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Russia's war on Ukraine in numbers

February 23, 2023

Cities in ruins, millions of refugees, continued military support, and ongoing sanctions: Russia's war on Ukraine has sent shockwaves across the globe. Here are 10 graphics calculating the effects of Russia's invasion.

A rescue crane and rescue workers amid the rubble of a destoyed apartment block in the city of Chasiv Yar
A city in ruins: the remains of Chasiv Jar in Ukraine's Donetsk region after a missile attack in July 2022Image: Donetsk region governor Pavlo Kyrylenko/Handout via REUTERS

February 24 marks one year since Russia began its invasion of Ukraine. Despite counter-advances by the Ukrainian army, substantial parts of eastern Ukraine remain occupied by Russian troops. Most recently, on January 19, 2023, Ukrainian forces withdrew from the embattled city of Soledar in the Donbas region, which has since been under Russian control again.

Millions of people fleeing

According to the United Nations Refugee Agency (UNHCR), the war has led to the second-largest displacement crisis in the world. So far, 6.3 million Ukrainians have found refuge in Europe. Within the country, another 6.6 million people are internally displaced.

According to the UN, many people are also being deported to Russia or are being forced to emigrate there, especially from the areas of eastern Ukraine. This explains the high number of refugees in Russia. Some of them have already tried to continue on to Europe from Russia.

Poverty and recession

According to the UNHCR, the humanitarian situation in Ukraine has "deteriorated rapidly." Around 40% of the population is now dependent on humanitarian aid. The economic situation is also catastrophic. According to the World Bank and the Ukrainian Ministry of Agrarian Policy and Food, the country's gross domestic product (GDP) shrank by 35% in 2022. Around 60% of the population now lives on the poverty line. Russia's attacks have destroyed about €130 billion ($139 billion) worth of Ukrainian infrastructure.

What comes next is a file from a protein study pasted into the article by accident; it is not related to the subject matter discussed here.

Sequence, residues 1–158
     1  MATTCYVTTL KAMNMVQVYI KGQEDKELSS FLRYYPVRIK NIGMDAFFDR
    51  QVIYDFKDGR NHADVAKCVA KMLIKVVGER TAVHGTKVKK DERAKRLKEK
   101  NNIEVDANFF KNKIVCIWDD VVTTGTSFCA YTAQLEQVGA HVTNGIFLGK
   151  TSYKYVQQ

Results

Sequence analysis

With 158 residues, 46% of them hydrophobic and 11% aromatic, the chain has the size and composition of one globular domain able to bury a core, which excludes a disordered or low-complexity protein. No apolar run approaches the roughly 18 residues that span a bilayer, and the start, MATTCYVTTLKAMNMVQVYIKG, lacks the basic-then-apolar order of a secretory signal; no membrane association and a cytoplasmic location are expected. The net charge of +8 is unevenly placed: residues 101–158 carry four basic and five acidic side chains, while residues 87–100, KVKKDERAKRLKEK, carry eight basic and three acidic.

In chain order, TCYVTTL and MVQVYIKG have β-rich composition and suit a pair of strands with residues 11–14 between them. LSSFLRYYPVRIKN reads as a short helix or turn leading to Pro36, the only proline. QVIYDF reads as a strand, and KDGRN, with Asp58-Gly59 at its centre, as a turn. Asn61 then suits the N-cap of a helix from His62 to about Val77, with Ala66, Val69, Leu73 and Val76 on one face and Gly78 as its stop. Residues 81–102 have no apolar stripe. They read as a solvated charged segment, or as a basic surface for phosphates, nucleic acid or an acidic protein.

Resilience in Russia

In contrast to Ukraine, the situation in Russia is less critical than expected, as the economy has not suffered as much in comparison. But with additional EU sanctions passed against Russia in February of this year, experts believe existing sanctions will finally begin to bite.

Predictions for Russia's economic future are very different: while the Organisation for Economic Co-operation and Development assumes the Russian economy will shrink by 5.6% this year, the International Monetary Fund (IMF) forecasts minimal growth of 0.3%.

After a surge in energy prices in March 2022, Russia's income from oil and gas initially jumped sharply and then fell continuously. The income from energy exports is now back at the pre-war level of December 2021.

In view of falling gas and oil prices, in combination with declining demand, especially from the EU, and in light of stagnant consumption by China, Russia's energy export revenues will likely decline further.

Billions for Ukrainian military

Since the beginning of the invasion, Ukraine has received billions in military, humanitarian, and financial aid. With more than €70 billion in funds, the US tops the list of donor countries.

The EU and its member states have mobilized over €50 billion, with Germany being one of the largest arms suppliers to Ukraine. Military support valued at around €2.2 billion is planned for 2023.

In addition, NATO has increased its military presence on its eastern flank. multinational battlegroupsmultinational battlegroupsSo-called multinational battlegroups have been deployed to the Baltic states, and airspace surveillance in the region has been beefed up.

Wheat price recovers

Many expected a global food crisis following the invasion, but so far, the worst-case scenario has been avoided. According to the Ukrainian and US Departments of Agriculture, global wheat production will increase from 778 million tons in 2021-22 to 783 million tons in 2022-23.

The price of wheat, which peaked at over €430 per ton after the Russian invasion in May 2022, has since fallen back to just under €300. That is near price levels from before the invasion, when wheat was traded for €275 per ton.

The production losses in Ukraine — still one of the leading wheat producers worldwide — are currently compensated by other countries. Australia and Russia in particular have increased their production. According to the Russian news agency Tass, the increase is due to "the incorporation of the four Ukrainian territories" under Russian control. At 102 million tons, the Russian Ministry of Agriculture is also assuming a much better harvest than the US Department of Agriculture estimates.

This article was translated from German.